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Alitalia Launches Rome-Washington Flight as Financial Struggles Linger
In the midst of its struggles to ensure its survival, Alitalia launched a new transatlantic route on Thursday connecting its hub at Rome’s Leonardo da Vinci – Fiumicino Airport to Washington Dulles International Airport. The new route will be operated five times weekly during the peak summer season, dropping to three times weekly during the winter season as determined by the International Air Transport Association (IATA), and be operated with a 256-seat Airbus A330-200 with 20 Magnifica business class, 17 premium economy and 219 economy seats.
Washington represents the sixth destination in the U.S. served by Alitalia which already operates to New York, Boston, Miami, Chicago and Los Angeles. The route will be an essential link between the respective capitals of the United States and Italy, a major draw for the Northern Virginia airport that has long struggled to attract new airlines and routings.
Alitalia’s launch represents the first major route inauguration of the summer 2019 season that will see two new international airlines grace Dulles Airport’s runways and four new international routes added to the airport’s route network. United Airlines will be launching service to Tel Aviv – the only nonstop link between Washington and Israel – later this month while EgyptAir plans to launch service with its new Dreamliner to Cairo, TAP Air Portugal plans to launch service to Lisbon with its new A321neo – though the airline’s plans to launch that aircraft may be on hold and Ethiopian Airlines is adding a new route to Abidjan all in June.
While currently part of the SkyTeam alliance, Alitalia is not yet a member of the transatlantic joint venture formed by Air France, KLM, Delta Air Lines and Virgin Atlantic announced in July 2018 and currently under evaluation by the U.S. Department of Transport for antitrust immunity. This new joint venture is replacing the one currently in place that sees Alitalia part of the group with Air France, KLM and Delta, in which the quartet coordinate schedules and share revenues on transatlantic services with the other members. Delta already has a similar immunized partnership with Virgin Atlantic covering U.S.-U.K. routes.
Meanwhile, Alitalia is still engaged in much more important discussions that are supposed to determine its future shape and size. The carrier has been administered by bankruptcy commissioners for almost two years now and yet no clear plan for its rescue has been defined.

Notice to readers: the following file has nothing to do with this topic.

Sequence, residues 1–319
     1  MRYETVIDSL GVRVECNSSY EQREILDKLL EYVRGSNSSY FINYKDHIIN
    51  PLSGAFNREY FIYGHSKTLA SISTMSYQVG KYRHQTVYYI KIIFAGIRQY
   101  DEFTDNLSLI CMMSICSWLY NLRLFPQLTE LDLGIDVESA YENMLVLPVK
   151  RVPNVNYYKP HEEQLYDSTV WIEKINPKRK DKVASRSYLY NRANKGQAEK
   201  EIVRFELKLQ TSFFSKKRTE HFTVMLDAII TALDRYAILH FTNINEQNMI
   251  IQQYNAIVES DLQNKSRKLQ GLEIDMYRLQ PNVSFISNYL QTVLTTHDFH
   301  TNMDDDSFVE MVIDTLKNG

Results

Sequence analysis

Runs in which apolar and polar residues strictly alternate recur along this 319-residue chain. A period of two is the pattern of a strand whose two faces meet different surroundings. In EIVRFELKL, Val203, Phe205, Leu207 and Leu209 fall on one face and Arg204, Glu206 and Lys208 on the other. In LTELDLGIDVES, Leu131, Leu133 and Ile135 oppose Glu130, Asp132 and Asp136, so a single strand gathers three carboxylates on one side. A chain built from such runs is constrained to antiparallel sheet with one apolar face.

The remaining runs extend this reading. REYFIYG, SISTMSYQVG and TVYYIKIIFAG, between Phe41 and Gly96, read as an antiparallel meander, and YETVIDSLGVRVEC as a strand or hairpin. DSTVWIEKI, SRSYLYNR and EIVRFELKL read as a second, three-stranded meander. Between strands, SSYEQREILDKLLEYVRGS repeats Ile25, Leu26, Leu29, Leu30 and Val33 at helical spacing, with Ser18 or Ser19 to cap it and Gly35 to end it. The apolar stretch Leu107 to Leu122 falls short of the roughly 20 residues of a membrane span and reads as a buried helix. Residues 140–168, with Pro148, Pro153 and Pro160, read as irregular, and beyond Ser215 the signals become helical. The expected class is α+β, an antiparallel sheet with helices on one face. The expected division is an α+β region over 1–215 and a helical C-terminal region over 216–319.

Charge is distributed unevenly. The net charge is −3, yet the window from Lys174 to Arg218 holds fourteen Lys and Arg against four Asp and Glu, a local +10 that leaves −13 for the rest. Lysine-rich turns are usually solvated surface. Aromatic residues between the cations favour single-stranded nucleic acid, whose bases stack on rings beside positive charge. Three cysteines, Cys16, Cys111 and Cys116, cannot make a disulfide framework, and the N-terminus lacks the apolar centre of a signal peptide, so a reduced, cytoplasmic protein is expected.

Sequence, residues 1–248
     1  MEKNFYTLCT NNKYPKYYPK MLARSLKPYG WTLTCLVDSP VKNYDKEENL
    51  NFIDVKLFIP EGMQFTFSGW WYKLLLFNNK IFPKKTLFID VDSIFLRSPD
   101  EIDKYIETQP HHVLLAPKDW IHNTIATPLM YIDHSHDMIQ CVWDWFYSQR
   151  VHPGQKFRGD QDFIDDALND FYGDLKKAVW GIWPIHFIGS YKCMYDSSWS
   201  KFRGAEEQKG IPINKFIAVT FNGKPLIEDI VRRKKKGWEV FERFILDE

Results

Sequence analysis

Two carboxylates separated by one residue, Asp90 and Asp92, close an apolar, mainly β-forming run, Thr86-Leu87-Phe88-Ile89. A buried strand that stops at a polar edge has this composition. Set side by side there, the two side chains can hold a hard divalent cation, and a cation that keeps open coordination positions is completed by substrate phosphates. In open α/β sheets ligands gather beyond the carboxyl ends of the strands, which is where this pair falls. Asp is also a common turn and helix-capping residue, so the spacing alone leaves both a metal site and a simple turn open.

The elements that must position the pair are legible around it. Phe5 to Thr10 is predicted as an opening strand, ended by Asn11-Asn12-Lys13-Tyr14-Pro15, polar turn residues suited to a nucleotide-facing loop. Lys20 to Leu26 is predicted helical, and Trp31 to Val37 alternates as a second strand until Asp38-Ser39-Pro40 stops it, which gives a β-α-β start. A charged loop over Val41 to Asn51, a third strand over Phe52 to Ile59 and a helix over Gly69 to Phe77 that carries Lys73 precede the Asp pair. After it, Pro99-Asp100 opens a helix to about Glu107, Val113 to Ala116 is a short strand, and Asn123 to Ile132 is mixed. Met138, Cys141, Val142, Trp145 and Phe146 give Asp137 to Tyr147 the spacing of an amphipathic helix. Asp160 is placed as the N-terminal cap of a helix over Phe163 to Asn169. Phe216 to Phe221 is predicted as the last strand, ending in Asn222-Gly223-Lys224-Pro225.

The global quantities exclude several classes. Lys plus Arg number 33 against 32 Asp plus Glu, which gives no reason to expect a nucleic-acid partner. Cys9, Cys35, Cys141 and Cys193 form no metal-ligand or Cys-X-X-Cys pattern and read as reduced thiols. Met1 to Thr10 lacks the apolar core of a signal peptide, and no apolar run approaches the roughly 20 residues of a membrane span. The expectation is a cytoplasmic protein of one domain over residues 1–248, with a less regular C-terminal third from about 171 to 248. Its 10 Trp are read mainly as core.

Italian state-owned railway company Ferrovie dello Stato has expressed interest in becoming the majority stakeholder for Alitalia, together with the Italian Ministry of Finance and industrial partner Delta. Alitalia, however, still needs to find another stakeholder for this plan to come to fruition and this task has been proving most difficult.
An already postponed April 30 deadline has been pushed back with no other clear deadline set for a solution. The issue is becoming very much a political issue in Italy just a few weeks before the elections for the European Parliament, considered an important test for the current governmental coalition.
The latest indications from representatives of the government are pointing at the Benetton Group-owned consortium Atlantia as a potentially interested party in taking up the remaining stake in the new Alitalia, but the consortium has denied these claims. Atlantia is currently embroiled in a tense negotiation with the Italian Government for the renewal of its concession to manage the Italian highway system, and an intervention to salvage Alitalia could be used as a token to regain the government’s goodwill after the collapse of a highway bridge in Genoa last August that killed 43 people.
With the funds of a government-backed 900 million euros bridge loan starting to run low, European Union competition authorities in Brussels ready to sanction possible state aids and no clear solution in sight, Alitalia’s future looks more and more uncertain by the day.
Should the Ferrovie dello Stato-led solution fail to materialize, the only other offer on the table would be the one from Germany’s Lufthansa that would shrink the airline from 118 aircraft to approximately 74, laying off almost 5,000 of the currently 11,600 employees.
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